Background:Peritoneal dialysis (PD) is complicated by a high rate of adverse events that might be attributed to cytotoxicity of currently used PD fluids. However, clinical development of novel PD fluids is virtually non-existent, in part due to difficulties in recruiting sufficiently large populations for adequately powered trials. The aim of this study is to understand the potential impact of introducing composite outcomes on clinical trial feasibility in PD.Methods:A composite outcome "major adverse peritoneal events (MAPE)" was designed to combine clinically relevant complications of PD, such as (1) technical failure (cause-specific for peritonitis and/or insufficient dialysis), (2) peritonitis, and (3) peritoneal membrane deterioration. Incidence rates of individual endpoints were obtained from the literature and expert panel estimations, and population sizes were computed based on Chi-square test for adequately powered confirmatory randomized controlled clinical trials with 2 parallel arms.Results:Incidence rates for technical failure, peritonitis, and peritoneal membrane deterioration were estimated at 15%, 50%, and 23%, respectively, at 2 years follow-up, with adequate agreement between the literature and expert opinion. Assuming that a given intervention reduces adverse outcomes by 30%, an adequately powered clinical trial needs to recruit up to 1,720 patients when studying individual outcomes. Combining endpoints increases power in simulated trials despite considerable overlap, and the composite outcome MAPE reduces the required population to 202 patients aiming for 80% power.Conclusion:Introduction of the composite outcome MAPE, covering relevant major adverse peritoneal events, may improve the feasibility of clinical trials to adequately test novel PD fluids.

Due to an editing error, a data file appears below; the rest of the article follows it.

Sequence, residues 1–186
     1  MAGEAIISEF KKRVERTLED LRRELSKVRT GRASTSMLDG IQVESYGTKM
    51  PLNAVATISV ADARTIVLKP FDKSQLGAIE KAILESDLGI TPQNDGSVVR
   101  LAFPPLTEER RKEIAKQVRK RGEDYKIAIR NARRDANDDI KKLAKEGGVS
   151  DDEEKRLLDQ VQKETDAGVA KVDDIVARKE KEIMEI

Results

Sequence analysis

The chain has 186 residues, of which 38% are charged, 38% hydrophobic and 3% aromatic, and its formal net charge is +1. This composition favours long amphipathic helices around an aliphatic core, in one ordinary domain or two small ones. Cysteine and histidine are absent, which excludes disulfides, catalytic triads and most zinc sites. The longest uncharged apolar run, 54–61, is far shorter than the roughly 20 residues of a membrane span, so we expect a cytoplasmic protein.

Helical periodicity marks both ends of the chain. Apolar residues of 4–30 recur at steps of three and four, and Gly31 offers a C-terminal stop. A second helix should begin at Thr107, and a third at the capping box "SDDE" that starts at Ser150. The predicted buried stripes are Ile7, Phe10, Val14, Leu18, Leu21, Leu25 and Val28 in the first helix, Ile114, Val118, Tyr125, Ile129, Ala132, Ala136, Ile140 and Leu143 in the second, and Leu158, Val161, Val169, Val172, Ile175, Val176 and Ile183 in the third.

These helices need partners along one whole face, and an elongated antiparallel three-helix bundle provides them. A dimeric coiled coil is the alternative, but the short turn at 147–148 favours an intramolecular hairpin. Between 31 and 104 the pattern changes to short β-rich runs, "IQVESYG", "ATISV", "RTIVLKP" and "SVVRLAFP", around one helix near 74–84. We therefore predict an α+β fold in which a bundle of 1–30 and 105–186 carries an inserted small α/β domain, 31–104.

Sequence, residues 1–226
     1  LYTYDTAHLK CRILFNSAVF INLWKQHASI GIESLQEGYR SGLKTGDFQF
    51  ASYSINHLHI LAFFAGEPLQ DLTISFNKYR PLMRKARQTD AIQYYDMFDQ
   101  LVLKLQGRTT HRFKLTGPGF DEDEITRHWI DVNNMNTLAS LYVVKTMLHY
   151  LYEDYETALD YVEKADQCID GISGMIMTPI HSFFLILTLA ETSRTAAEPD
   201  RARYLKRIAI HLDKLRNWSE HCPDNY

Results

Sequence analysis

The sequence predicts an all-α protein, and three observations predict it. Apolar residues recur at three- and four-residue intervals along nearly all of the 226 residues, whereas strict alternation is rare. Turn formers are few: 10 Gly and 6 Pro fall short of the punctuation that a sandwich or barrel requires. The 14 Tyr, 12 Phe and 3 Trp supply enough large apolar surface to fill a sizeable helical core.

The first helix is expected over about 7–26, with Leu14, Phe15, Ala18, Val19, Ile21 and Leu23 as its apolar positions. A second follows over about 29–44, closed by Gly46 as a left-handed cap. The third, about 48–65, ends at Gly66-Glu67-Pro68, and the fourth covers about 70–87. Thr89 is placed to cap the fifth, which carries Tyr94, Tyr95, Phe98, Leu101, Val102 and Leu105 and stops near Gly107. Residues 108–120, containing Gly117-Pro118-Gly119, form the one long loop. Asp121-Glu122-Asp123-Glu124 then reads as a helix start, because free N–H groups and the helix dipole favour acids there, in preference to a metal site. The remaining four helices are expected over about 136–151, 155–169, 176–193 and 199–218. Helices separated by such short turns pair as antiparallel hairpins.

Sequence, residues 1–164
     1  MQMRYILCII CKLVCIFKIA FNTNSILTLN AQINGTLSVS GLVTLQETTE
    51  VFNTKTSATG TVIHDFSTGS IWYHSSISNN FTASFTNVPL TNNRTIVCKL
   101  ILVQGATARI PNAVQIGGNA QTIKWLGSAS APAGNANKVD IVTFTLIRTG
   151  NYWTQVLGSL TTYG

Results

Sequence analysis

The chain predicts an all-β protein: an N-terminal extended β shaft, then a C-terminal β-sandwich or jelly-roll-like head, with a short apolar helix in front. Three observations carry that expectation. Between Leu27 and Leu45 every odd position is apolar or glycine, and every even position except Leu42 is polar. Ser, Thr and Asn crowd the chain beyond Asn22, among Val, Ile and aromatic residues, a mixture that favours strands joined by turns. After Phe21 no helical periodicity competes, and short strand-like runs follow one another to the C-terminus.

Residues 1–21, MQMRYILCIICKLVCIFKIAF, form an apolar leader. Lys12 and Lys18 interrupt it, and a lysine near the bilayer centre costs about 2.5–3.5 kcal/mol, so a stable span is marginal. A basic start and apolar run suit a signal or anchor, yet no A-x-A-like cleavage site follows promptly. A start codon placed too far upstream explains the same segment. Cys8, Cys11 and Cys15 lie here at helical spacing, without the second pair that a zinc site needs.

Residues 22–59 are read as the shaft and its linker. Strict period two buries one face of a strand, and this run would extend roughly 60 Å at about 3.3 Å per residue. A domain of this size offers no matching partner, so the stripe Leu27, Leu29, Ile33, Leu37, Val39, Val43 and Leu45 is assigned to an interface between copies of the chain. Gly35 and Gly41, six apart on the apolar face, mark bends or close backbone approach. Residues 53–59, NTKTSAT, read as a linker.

Keywords: Adverse events; PD fluid; clinical development; expert panel; peritonitis; population size; power analysis; technical failure.
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